Interview with Euronews
Interview with Vítor Constâncio, Vice-President of the ECB, conducted by Efthymia Koutsokosta on 15 September and published on 20 September
After almost a decade of crisis and uncertainty in the Eurozone, optimism is on the rise. But still unemployment is high and divergences among member states are always there. What should be done so that the euro delivers on its promise to increase the wealth of the societies? To discuss this I am joined here by the Vice-President of the European Central Bank Mr Vitor Constancio. Mr Constancio: welcome to Global Conversation.
So, do you share this optimism, is it justified or there are risks that can really revive the crisis once again?
It's important to underline that growth has converged, meaning that the rates of growth of all countries are now very close together and that's the best situation from that point of view since the beginning of the monetary union.
But is the Eurozone still attractive for the member states? And I am saying that because after the crisis there are a lot of people saying that this currency is not designed for all, but for only a few strong member states.
We were initially eleven countries, then 12 in 2001 and then in 2007, 2011, 2014, 2015 other countries joined which shows that during the crisis there were several countries still very much attracted to the idea of the stability and the openness that the monetary union offers to all countries.
But we see some countries such as Hungary or Poland not willing to join.
I won't discuss the position of any particular country or government, it's their view but there is a presumption in the treaty - and that's what Mr Juncker highlighted in his speech - there is a presumption in the treaty that all member countries are supposed eventually to join except countries that are still members and have an opting out clause like the UK which is now leaving the EU altogether and Denmark. All the others, according to the treaty, are presumed to join one day.
There are also other proposals on the table concerning for example a minister, a finance minister of the EU or the Eurozone or a Eurozone budget. Why is a minister needed right now in the EU right now?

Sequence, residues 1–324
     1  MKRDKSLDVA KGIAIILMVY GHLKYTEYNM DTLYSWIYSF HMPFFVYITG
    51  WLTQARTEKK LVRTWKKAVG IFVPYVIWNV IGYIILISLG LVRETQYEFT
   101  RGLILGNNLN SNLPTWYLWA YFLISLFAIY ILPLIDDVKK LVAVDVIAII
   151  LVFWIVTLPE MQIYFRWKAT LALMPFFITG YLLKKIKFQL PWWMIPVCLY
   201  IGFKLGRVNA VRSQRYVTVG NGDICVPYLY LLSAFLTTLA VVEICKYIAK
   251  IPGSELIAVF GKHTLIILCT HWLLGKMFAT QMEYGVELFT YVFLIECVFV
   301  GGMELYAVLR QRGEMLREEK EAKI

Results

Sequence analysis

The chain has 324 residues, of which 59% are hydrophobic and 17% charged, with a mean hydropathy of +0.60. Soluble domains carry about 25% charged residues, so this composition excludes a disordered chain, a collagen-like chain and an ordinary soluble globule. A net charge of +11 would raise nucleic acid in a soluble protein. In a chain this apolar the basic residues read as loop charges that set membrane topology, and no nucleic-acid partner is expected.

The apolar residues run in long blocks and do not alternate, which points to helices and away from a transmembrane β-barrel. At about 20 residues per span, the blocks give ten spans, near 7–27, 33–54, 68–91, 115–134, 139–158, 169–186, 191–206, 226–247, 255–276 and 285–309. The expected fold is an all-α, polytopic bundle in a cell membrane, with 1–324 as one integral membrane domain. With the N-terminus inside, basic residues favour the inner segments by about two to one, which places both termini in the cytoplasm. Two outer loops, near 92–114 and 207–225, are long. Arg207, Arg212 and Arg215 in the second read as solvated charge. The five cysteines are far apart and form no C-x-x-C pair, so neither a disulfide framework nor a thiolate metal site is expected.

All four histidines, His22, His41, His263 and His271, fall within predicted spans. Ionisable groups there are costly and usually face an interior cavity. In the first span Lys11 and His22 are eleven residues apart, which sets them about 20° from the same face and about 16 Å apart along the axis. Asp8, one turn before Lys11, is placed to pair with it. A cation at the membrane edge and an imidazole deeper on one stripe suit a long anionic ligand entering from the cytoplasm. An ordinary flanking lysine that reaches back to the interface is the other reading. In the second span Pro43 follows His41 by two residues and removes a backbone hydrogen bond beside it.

The idea of a finance minister is more recent and presumably is connected with the introduction of such functions at the central level of the euro area in order to have someone in charge and responsible for managing that additional capacity and the stabilization function in the monetary union.
Does this mean that the member states give some powers to this minister?
Yes of course. But already the stability and growth pact implies with all its reforms over the years, implies a lot of coordination and rules that have to be complied by the countries. That sort of sharing of sovereignty in some aspects of fiscal policy is already there and what would be now presumably at stake is the creation of some more instruments to help stabilize potential recessionary periods in the euro area in the future.
But let me tell you about EU growth. Ok, things are going better, maybe the economy goes better, maybe some wages are going up, maybe unemployment is falling but not everywhere. There are for example the countries of the South still struggling to survive with crisis, to create growth: Italy, Portugal, Greece. And we see other countries, the strongest ones which are in a better shape. How you tackle this?
Well, in the first place, all these countries that you mentioned and also Spain are growing and in the case of Spain and Portugal they are growing above the average of the euro area right now.
But people don't feel that.
Not yet. But in the first place it's being felt in the reduction of unemployment also in those countries. Growth has returned to all countries. And so, the degree of divergence has stopped, which has been ongoing since the crisis. And of course we need to strengthen these movements, and that's why at the European level we need new initiatives to deepen and strengthen the functioning of the monetary union.
What about Italy? Is Italy the sick child of the euro area? Because of course Italy is a very particular case, with a huge exposure to non-performing loans and a banking system quite vulnerable.
The main consequence of having too high non-performing loans is on profits because all those loans are not providing the revenue, so the NPL question is very important to indeed restore conditions of improved profitability so that they can then offer new credits to support the recovery.
But despite the recovery of the eurozone, all these positive messages, we have many challenges ahead. One of this is brexit. What could be the biggest risk of this negotiation, of this divorce?
In economic terms, one has to consider the size of the UK economy and the size of the EU to see that the consequences and the disruption would be much more significant for the smaller part in that negotiation than for the EU as a whole. I don't expect and no one is expecting that a brexit will mean that there would be no trade between the two parts. That won't happen. There will not be a total disappearance of trade.
Mr Constancio, you are in this position since 2010. So, you experienced the hardest times of the Eurozone. What was your personal most difficult moment?
Well, it was the start of the phase of the crisis when Greece came to a situation where the revelation about the budget deficit created a situation of non-access to the financial markets. That was in 2010.
Could you say that the end was close?
Well, I wouldn't say that especially with hindsight but during those moments, indeed it was the first big shock of the crisis. Then we had many other vicissitudes later on, some related with Greece, some related with other countries, 2015 was also a difficult moment but the beginning and the big shock and the surprise of what could imply was indeed the more difficult moment.
Mr Constancio many thanks for being with us.